There's a lot at stake this earnings season, and the financial sector, the biggest stock market winner of the past year, will be put to the test Wednesday.
Both Goldman Sachs and J.P. Morgan, viewed as the best of breed, report ahead of the opening bell. But the bar is low this quarter for J.P. Morgan, expected to report a decline from third quarter profits to $1.16 per share on revenues of $24.42 billion.
Capital markets revenues are expected to be lower than the third quarter, but not as weak as the year ago quarter or earlier guidance. The bank is also expected to release details of a lengthy internal report on the London "whale trade" debacle that resulted in a more than $6 billion loss last year.
Earlier this week, J.P. Morgan received the first sanctions in response to the botched trades and was hit by four enforcement actions from the Federal Reserve and Comptroller of the Currency, aimed at lapses in risk management and money laundering controls.
Goldman Sachs, meanwhile, is expected to report earnings of $3.78 per share on revenues of $7.91 billion, according to Thomson Reuters. Other financial companies reporting include US Bancorp, Bank of NY Mellon, Northern Trust,Charles Schwab and M&T Bank also report before the market open. Citigroupand Bank of America report Thursday. Besides the financials, eBay reports after the closing bell Wednesday.
The financial sector is up 30 percent since January of last year. J.P. Morgan and Goldman, as two major pillars of the sector will be most scrutinized. "I think people are going to look long and hard at these businesses and what interest income looks like," said Steve Massocca of Wedbush Securities of J.P. Morgan. "They're going to want to get into the weeds and see how these businesses are doing."
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Massocca and others say the market is at an important pivot point. He said poor earnings could drive the market into correction, but it's too early in the reporting season to tell which way things are going.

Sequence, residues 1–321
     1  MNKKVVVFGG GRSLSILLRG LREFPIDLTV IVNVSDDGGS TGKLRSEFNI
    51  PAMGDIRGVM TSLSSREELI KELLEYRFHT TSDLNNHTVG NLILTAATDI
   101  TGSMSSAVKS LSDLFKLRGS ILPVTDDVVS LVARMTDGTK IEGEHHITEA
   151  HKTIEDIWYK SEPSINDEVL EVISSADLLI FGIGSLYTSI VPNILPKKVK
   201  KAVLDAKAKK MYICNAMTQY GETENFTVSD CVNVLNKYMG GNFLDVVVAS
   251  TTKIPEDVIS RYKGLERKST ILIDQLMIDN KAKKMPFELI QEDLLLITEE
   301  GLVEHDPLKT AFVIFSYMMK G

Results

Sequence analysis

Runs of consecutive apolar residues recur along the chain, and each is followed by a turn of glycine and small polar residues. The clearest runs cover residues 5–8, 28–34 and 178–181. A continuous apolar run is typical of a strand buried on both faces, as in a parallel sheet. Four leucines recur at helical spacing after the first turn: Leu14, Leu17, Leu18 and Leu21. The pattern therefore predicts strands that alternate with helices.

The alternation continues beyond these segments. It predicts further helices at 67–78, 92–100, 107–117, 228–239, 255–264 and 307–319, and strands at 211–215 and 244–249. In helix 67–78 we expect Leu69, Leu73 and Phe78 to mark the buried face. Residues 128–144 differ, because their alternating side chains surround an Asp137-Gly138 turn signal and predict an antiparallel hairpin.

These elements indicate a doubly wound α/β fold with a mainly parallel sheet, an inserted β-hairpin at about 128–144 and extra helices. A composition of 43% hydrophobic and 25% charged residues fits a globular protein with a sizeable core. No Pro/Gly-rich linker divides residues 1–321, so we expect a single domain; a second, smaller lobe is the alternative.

"We've been hanging around the September high for four days in a row so something is going to break one way or the other," he said. "I think if we break through it, we could run back to the old 2007 high. Conversely, if we fall through it, we'll go to (S&P) 1400. We're at an important juncture."
"Estimates have really been whittled down. If you look at where estimates were in October and November, the estimates were much lower than they are today. I would have said a month ago, it's going to be a disappointing earnings season, but I don't know because they've been revised down so much," Massocca said.
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As the Dow edged up slightly Tuesday, the Dow Transports rose 0.7 percent to a new high. "It's significant. It's going to get all the Dow theorists back out again, but I think you want to wait and see if you get follow through with the industrials," said Art Cashin, director of floor trading at UBS.
As the theory goes, the industrials must confirm the move in the transports for the market to move higher. Massocca said the move in the broader indexes, like the S&P 500, are more important.
"In the next two weeks, earnings are going to be the really big news. Once that's passed, all eyes will be focused on that great sequel – fiscal cliff two," he said, of the pending debt ceiling and spending debate.
What Else to Watch
There are several economic reports Wednesday, including CPI at 8:30 a.m. ET, Treasury international capital flows at 9 a.m., and industrial production at 9:15 a.m. The National Association of Home Builders releases its sentiment survey at 10 a.m., and the Fed Beige book on the economy is released at 2 p.m.
Minneapolis Fed President Narayana Kocherlakota speaks at 10 a.m. and 8 p.m. at two different events. Dallas Fed President Richard Fisher speaks at 7 p.m. at the National Press Club on why it's important to downsize institutions that are too big to fail.
In Washington, President Barack Obama is expected to announce new controls on firearms at 11:45 a.m.